Coronavirus: Thank you for your continued support in these difficult times. Since our office and factory are in a rural area, our staff travel to work individually by car and we have enough space to maintain social distancing, so in consultation with our staff, we have decided to remain open for business unless government policy changes.
We are still able to despatch most of our products, however, the ones listed below (that are made by other manufacturers) will not be available for a while.

Tableware (Coasters & Placemats) and Wallpaper.

Our despatch times are normal, but Royal Mail & Parcelforce delivery times are varying depending on location - some parcels arrive next day and others are taking up to 10 days, which we have no control over.

We will update this message as anything changes.

London History

The history of London and specially selected photographs

Sweet Thames, run softly, till I end my song! (From ‘Prothalamion’, Edmund Spenser, 1552-1599)

The River Thames which flows through London was the reason for the city’s foundation in the first century AD, when the Romans established a trading port called ‘Londinium’ beside the river. Londinium became the largest settlement in the Roman province of ‘Britannia’, and eventually its capital. A defensive wall around the city was built between AD190 and AD225, parts of which can still be seen at the Barbican, in the north of the City of London. The Museum of London near the Barbican Centre holds many Roman finds that have been excavated in the city and has permanent Roman exhibitions.

The Romans left Britain in the fifth century, and Londinium fell into decline; it became almost deserted, and the Roman public buildings fell into ruin. Then in the Anglo Saxon period a new trading settlement called ‘Lundenwic’ (‘London Market’) was established a mile upstream from the walled Roman city, in what is now the Covent Garden, Strand and Aldwych area. Lundenwic prospered, but repeated Viking attacks eventually forced the inhabitants to move back to the old Roman walled city for protection. In the ninth century the Anglo-Saxon King Alfred the Great made peace with the Vikings and restored the city, and its fortunes revived; the Alfred Plaque near Southwark Bridge commemorates his achievements. By the tenth century, London was an international port with wharves and warehouses along the river. Thereafter London thrived and prospered. By the late 18th century it was the world’s busiest port, and the London Docks were built to cope with the trade. In the 19th century the extensive docks of the Pool of London became the busiest and wealthiest in human history. Great ships plied the estuary of the Thames to docks as far upriver as London Bridge, and stevedores and dock workers loaded and unloaded coal, timber, and all manner of exports and exotic imports.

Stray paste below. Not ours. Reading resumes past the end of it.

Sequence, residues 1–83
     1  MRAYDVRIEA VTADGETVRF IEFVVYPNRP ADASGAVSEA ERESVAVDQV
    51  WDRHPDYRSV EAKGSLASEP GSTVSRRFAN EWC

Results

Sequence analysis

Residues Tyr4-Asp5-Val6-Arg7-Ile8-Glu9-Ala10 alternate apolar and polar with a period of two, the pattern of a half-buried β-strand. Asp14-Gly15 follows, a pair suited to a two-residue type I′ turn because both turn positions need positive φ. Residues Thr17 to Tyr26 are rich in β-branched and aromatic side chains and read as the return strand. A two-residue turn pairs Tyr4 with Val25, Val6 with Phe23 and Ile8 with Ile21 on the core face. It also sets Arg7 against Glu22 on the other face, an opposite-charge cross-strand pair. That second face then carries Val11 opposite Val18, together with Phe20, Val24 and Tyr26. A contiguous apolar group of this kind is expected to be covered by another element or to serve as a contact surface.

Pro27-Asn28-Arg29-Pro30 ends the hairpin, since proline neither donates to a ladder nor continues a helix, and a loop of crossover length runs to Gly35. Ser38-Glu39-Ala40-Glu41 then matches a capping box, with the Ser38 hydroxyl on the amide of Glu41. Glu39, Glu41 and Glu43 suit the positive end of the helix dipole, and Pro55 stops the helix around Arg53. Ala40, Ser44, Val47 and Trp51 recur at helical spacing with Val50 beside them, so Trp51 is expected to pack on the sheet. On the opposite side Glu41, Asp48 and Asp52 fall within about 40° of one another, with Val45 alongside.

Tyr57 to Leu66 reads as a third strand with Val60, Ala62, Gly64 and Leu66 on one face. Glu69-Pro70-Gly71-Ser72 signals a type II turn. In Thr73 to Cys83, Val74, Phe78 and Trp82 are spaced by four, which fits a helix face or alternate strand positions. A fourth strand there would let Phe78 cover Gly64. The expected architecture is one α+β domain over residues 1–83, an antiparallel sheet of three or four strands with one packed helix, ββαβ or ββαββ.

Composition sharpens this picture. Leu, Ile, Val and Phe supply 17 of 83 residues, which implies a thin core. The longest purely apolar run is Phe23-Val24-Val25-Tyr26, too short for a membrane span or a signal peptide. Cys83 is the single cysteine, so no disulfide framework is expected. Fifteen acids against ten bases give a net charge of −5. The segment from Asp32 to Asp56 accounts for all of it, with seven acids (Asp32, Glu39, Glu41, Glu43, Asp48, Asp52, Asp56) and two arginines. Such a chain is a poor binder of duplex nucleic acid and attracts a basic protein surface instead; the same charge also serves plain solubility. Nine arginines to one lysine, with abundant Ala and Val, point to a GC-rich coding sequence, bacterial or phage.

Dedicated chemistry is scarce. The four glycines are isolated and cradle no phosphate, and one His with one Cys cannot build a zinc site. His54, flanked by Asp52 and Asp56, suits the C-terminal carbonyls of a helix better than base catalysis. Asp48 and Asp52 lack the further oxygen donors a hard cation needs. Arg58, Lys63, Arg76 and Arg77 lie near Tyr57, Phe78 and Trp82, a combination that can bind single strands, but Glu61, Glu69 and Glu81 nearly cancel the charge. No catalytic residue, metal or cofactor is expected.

Until the end of the 18th century London was a compact city. Its merchants lived in the historic core of London known as ‘the City’, and the aristocracy in fashionable areas like Piccadilly and the West End. However, in the 19th century London grew at an extraordinary rate. The City developed into the centre of world finance, London’s burgeoning banks and insurance companies clamoured for space in the overcrowded city, and new streets of Victorian Gothic offices were constructed where armies of clerks and office workers came to work each day. Neighbourhoods of old ramshackle buildings were demolished and the great thoroughfares we know today were created; much of the West End was remodelled, and great houses and mansions were constructed; and magnificent public spaces such as Trafalgar Square and Piccadilly Circus were created and embellished by public sculpture and memorials. By the end of the 19th century, London’s beautiful streets and buildings had earned it a reputation as one of the great cities of the world.

Most of the photographs in The Francis Frith Collection show London in the Victorian period, before the city suffered terrible damage and loss of life during the Second World War. Between September 1940 and May 1941 London was bombed for 57 successive nights, an era known as ‘the Blitz’. Enemy action destroyed many buildings in the City and devastated the East End, where the docks, railways and industry of this part of London formed a target for enemy bombing. The rebuilding programme after the war dramatically altered much of the landscape of the city, and the process is still continuing today, with some stunning modern structures standing proudly in the skyline alongside older historic buildings. One of the most interesting is City Hall, the headquarters of the Greater London Authority (GLA), which was designed in an unusual bulbous shape to reduce its surface area and improve energy efficiency. Nicknamed ‘The Onion’, it stands at Southwark on the south bank of the Thames, the river that caused this great city to be founded almost 2,000 years ago.